Candidate for UH Council - Steven Sims
2508 Dysart Road 44118 Age: 57
Education: University of Pennsylvania, BBA, Ohio University
Occupation: Director, Office of Business Development, Greater Cleveland Regional Transit Authority
Qualifications: 15 years of public sector experience in Community and Economic Development, and Housing Finance working with the suburban communities of Cuyahoga County. Strong private sector background in Public Finance and Accounting.
Community: Cuyahoga Metropolitan Housing Authority – Chairman, Audit Committee; Ohio Minority Business Advisory Council - Governor Appointee; Greater Cleveland Partnership – Supplier Diversity Committee, University Heights - City Council member/Chairman, Finance Committee; 100 Black Men of Cleveland - Vice Chairman.
QUESTIONS and RESPONSES:
1. The most important thing: The City must address its financial condition and avoid deficit spending at time when its general fund balance provides little cushion to fall back on. The City revenue base is not expected to increase measurably anytime soon, and managing growth in expenditures while addressing infrastructure improvement and capital investment needs remain a clear challenge. I will continue my efforts to enhance the attractiveness of the City as a place to live by supporting strategies to increase property values, and managing expenses by controlling personnel costs, identifying savings in contracted services, and achieving a better priority between operating and capital expenditures.
2. Regionalism: Trends toward regionalism and collaboration will determine whether the City prospers or declines. As such, the City must more judiciously consider and pursue opportunities to collaborate with surrounding communities to share services and achieve savings related to delivering city services; with the expressed purpose of ensuring University Heights remains a community of choice because of its reputation for meeting the needs of residents, being safe and friendly, and a place where homes appreciate in value.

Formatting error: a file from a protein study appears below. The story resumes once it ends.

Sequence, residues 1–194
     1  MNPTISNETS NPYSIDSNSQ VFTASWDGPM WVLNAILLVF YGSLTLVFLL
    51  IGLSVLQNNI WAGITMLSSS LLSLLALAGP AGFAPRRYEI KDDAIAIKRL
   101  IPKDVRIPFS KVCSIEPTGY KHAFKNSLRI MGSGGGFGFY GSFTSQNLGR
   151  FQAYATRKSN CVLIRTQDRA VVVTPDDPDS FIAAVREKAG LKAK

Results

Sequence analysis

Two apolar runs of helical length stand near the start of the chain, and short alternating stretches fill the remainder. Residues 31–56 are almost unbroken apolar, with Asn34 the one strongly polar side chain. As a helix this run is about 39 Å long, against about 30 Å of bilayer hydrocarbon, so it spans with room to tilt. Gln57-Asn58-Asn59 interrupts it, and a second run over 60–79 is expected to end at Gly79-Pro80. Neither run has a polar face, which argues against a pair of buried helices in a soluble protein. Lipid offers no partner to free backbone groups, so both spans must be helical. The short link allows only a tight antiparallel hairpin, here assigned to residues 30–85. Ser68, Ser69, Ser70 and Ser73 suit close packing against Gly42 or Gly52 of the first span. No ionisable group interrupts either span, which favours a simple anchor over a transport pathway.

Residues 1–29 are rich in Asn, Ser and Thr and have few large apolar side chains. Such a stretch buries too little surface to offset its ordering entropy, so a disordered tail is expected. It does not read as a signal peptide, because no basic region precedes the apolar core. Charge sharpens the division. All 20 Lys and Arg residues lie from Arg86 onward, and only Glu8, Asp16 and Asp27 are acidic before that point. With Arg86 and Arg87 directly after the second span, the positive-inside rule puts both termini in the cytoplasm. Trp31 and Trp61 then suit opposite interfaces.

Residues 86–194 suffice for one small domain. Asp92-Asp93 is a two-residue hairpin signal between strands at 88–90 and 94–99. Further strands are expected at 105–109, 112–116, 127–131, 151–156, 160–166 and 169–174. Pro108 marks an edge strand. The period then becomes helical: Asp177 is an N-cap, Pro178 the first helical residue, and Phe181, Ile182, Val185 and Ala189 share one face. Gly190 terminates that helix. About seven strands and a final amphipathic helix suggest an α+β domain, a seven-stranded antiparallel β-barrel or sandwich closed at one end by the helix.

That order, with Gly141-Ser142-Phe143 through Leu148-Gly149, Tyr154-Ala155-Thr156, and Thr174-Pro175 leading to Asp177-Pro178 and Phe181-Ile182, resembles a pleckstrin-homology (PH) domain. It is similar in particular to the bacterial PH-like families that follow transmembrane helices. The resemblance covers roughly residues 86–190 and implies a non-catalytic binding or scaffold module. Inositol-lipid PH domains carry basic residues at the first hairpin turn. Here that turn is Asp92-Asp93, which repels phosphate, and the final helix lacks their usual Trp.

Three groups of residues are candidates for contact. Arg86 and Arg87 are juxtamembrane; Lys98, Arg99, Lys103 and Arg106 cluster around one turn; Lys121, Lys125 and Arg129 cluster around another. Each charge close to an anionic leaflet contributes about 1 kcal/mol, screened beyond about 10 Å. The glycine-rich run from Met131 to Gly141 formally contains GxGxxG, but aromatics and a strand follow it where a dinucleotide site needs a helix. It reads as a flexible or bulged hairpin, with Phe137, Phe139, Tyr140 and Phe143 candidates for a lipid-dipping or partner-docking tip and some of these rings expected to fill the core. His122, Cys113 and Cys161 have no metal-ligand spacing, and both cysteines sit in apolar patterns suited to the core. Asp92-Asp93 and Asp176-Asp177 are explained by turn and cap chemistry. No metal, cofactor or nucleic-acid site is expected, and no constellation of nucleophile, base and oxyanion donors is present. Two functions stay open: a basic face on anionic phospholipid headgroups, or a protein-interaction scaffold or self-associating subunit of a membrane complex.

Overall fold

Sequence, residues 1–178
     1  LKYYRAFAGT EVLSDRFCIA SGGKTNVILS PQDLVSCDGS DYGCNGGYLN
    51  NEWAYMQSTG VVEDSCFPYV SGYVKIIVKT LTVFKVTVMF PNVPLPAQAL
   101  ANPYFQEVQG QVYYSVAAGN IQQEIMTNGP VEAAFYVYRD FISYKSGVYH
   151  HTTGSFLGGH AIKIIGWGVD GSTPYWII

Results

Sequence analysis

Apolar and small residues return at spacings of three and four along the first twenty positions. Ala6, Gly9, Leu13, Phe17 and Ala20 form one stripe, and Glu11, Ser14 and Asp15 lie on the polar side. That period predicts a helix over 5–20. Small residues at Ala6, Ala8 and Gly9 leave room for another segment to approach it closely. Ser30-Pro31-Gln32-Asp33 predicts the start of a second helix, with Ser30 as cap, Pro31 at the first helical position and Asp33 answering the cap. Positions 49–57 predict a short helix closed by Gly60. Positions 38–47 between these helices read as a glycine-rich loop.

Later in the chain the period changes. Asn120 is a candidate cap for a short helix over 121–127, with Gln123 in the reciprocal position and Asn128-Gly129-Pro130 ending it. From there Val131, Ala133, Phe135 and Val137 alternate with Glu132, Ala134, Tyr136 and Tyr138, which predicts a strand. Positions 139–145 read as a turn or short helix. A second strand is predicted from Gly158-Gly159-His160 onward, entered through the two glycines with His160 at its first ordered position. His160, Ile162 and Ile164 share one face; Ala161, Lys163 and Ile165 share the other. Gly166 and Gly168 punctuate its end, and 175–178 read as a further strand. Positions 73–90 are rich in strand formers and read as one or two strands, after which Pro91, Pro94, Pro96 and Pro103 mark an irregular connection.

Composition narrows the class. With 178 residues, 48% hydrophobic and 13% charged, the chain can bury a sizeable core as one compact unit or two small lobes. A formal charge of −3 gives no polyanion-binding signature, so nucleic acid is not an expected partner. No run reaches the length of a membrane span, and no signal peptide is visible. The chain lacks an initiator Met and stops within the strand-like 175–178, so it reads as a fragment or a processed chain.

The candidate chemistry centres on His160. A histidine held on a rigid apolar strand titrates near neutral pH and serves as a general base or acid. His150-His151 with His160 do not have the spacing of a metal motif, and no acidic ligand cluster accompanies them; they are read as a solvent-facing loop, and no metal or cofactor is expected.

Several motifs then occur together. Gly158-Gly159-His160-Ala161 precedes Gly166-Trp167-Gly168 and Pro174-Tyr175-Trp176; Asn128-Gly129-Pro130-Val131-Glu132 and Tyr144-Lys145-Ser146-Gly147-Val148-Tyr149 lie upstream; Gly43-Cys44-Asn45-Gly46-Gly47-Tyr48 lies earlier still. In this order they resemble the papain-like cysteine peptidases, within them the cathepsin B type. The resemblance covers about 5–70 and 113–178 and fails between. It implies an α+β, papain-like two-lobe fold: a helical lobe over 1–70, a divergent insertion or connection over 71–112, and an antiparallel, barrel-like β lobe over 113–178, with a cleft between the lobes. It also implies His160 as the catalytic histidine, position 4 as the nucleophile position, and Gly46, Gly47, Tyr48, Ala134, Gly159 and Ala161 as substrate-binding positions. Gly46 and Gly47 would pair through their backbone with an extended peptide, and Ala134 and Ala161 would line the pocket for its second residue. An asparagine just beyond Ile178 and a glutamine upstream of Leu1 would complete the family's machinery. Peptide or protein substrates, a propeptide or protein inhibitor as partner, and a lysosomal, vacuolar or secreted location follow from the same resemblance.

3. Housing market: The City must remain diligent in ensuring foreclosed properties are not a blighting influence on our neighborhoods by using its enforcement powers to ensure bank and government owned properties are well maintained, and kept in good repair until resold. The City also should market itself more forcefully as the “City of Beautiful Homes” through local realtors and chambers of commerce to draw the attention of more young working professionals to the City. It also should make sure new homebuyers and existing homeowners alike are aware of the various foreclosure prevention resources available through government, nonprofits, and assorted financial institutions.
4. CH-UH levy: The University Heights-Cleveland Heights School District is on a positive course of accomplishment and trending upward. It has had a number of significant recognitions and achievements in recent years including improved academic outcomes, it has demonstrated an ability to operate efficiently and effectively, i.e., our tax dollars are being put to good use and not wasted, and it has shown the need for a levy is warranted. As such, I believe the School District has earned and deserves our continued support.
5. Development: Any economic development strategy must first recognize the limited space available to locate and grow businesses, and place a focus on highest and best use of the “gateways” areas that includes Cedar Center, Fairmount Circle, Cedar-Taylor, and Cedar Green-Green. It must also incorporate a full-time professional to proactively pursue companies that employ large numbers and have higher payrolls such as back office operations and call centers for which the vacant space at University Square is particularly well-suited, and focus on redeveloping and reviving the other areas as “destination venues,” each with an unique flare that combines services, entertainment, and dining.
6. John Carroll: The City will maintain a positive relationship with JCU by encouraging open communications, and demonstrating a willingness to support the University’s efforts to remain a competitive and thriving institution, as measured against its' duty to remain appropriately attentive and responsive to concerns and quality of life issues that are raised by homeowners and residents in the areas immediately adjacent to the campus.